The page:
5. While the visible display of emotions is frequently discouraged in mainstream hearing culture of the United States, it is a critical component for communication among the Deaf.  Because Deaf individuals usually cannot communicate emotions through tone of voice or volume, there may be a perception of strong emotions or easy agitation because of a more intense physical display of feelings.  This is important both in interpreting the physical communication of a Deaf child and in considering your own body language and expressive communication. 
  6. Because the culture is based on visual rather than auditory signals, attention-getting in the Deaf community is also highly visual and tactile.  A Deaf student may physically tap another person or use arm-waving as a means of getting the attention of a person or group of people.  This behavior may be interpreted as being pushy or aggressive.  Be sure to teach Deaf students directly how to seek attention, both from you and from other students in the classroom.  Establish a method for acknowledging the students' request for attention and letting them know when you will be available to help.

As with any cultural diversity in the classroom, it is important for you to respect the student’s own unique way of communicating while simultaneously teaching skills for communicating effectively with mainstream society.

It is important for teachers to be aware that although hearing impairments and deafness can have an effect on behavior and academic achievement, the student may have additional areas of special need that are not a result of the hearing impairment or the social norms of the Deaf culture.  Concurrent learning disabilities and emotional/ behavioral disabilities are often associated with hearing impairment (Mullis and Otwell, 1998); yet, the learning traits exhibited by these students are different from those of students with hearing impairments in general.  Thus, it is important that teachers watch for signs of coexisting learning and behavioral problems that may require a referral for additional services.

Helping Students Express Their Needs

Authors: Laura Hemberger, M.A.T. and Kathryn Morrow, M.A.T. Trinity University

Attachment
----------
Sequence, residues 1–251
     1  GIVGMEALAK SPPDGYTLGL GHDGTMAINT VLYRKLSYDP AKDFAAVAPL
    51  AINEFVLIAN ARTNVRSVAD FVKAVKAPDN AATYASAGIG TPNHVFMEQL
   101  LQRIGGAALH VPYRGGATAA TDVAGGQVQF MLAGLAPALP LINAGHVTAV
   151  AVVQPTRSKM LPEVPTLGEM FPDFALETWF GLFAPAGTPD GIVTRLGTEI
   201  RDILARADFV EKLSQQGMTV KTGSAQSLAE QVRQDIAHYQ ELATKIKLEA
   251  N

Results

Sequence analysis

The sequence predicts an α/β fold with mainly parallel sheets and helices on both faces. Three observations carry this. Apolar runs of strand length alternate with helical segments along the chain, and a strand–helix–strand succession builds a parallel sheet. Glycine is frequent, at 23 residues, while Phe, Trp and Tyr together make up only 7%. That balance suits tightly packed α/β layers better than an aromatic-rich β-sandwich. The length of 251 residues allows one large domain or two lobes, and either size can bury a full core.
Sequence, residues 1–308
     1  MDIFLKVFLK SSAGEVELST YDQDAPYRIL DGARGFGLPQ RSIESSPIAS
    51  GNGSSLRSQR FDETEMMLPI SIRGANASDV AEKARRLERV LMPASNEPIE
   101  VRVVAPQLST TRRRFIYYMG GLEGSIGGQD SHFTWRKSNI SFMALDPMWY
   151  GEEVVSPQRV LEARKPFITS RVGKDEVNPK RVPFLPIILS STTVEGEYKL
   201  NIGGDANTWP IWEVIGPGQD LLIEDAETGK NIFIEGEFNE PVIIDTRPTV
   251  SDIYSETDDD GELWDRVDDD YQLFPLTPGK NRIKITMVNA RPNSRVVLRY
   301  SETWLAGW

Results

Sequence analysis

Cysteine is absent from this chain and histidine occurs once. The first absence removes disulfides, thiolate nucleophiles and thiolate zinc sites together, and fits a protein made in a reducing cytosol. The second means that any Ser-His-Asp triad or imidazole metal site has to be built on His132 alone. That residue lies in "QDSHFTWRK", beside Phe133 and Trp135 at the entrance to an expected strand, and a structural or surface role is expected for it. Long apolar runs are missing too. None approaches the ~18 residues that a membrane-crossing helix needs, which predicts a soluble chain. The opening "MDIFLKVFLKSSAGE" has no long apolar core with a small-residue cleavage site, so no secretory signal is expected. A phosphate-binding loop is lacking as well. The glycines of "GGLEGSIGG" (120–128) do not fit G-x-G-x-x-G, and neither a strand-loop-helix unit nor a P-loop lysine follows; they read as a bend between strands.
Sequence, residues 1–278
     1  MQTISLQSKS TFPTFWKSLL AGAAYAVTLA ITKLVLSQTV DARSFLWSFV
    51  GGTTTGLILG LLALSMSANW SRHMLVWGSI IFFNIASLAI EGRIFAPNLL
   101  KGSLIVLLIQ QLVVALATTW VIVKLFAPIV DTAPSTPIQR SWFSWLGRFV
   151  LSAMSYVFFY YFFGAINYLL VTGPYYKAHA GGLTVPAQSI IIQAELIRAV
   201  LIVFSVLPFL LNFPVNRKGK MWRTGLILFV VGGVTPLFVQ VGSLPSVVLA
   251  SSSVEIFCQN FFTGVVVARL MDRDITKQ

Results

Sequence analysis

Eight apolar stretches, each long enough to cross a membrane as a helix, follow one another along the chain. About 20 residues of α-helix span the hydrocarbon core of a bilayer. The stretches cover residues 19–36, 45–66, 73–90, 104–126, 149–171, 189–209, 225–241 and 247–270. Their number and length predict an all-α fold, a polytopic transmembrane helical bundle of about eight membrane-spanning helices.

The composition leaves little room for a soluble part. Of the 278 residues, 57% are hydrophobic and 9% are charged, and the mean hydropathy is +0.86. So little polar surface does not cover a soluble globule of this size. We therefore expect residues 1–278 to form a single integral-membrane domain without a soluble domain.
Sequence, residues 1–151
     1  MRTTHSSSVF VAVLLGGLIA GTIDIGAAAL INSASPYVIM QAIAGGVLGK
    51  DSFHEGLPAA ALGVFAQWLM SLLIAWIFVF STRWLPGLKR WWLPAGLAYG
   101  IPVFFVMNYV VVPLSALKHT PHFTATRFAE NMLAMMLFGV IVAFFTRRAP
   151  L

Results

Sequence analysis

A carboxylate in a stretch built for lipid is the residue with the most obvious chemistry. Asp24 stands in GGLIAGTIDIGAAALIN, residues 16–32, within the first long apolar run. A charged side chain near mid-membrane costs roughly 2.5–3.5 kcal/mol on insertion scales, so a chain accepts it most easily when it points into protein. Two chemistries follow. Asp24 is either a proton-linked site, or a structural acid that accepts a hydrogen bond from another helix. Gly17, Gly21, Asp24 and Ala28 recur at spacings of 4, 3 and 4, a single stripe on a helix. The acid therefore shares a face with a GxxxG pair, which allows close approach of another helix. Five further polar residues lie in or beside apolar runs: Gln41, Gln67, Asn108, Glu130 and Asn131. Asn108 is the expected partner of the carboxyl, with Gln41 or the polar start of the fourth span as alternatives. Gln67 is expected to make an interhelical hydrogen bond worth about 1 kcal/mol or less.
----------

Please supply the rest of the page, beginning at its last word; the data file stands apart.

Students with hearing impairment must learn to be their own best advocate in order to succeed.  As a teacher of a student with hearing loss, you can teach the child to be assertive in making certain that unique communication needs are met.  Especially as students grow older, they should take responsibility for their own learning and communication (Pakulski & Kaderavek, 2002).  Teaching the following skills to students with hearing impairment will help develop effective membership in the learning community and self-monitoring of personal behavior:

  1. The student should choose the best seating in the classroom by considering distance from the teacher, lighting, and other environmental factors or distractions (Pakulski & Kaderavek, 2002);
  2. Older students should be taught how to work assistive technology, such as an FM system, and should be responsible for using it appropriately (Pakulski & Kaderavek, 2002).  (Please see the chapter on Technology on this web site.);
  3. Teachers might suggest ways of informing classmates and others of hearing loss and related communication needs, such as asking them to speak more slowly and distinctly, not cover their faces, or to look at the student when they speak (Oral Deaf Education Homepage, 2005);
  4. Students need to practice strategies for verifying unclear information.  Rather than asking broad questions (e.g., “Could you say that again?”) to which the person will likely respond by repeating a lengthy message, students should learn to request only the information missed from the conversation, such as “What pages are we supposed to read?” (Pakulski and Kaderavek, 2002).
  5. Teachers might have students practice turn-taking, where one person speaks while the other listens and then the roles reverse.  The turn-taking technique allows a child to discover that behavior can be used as a means of communicating with others.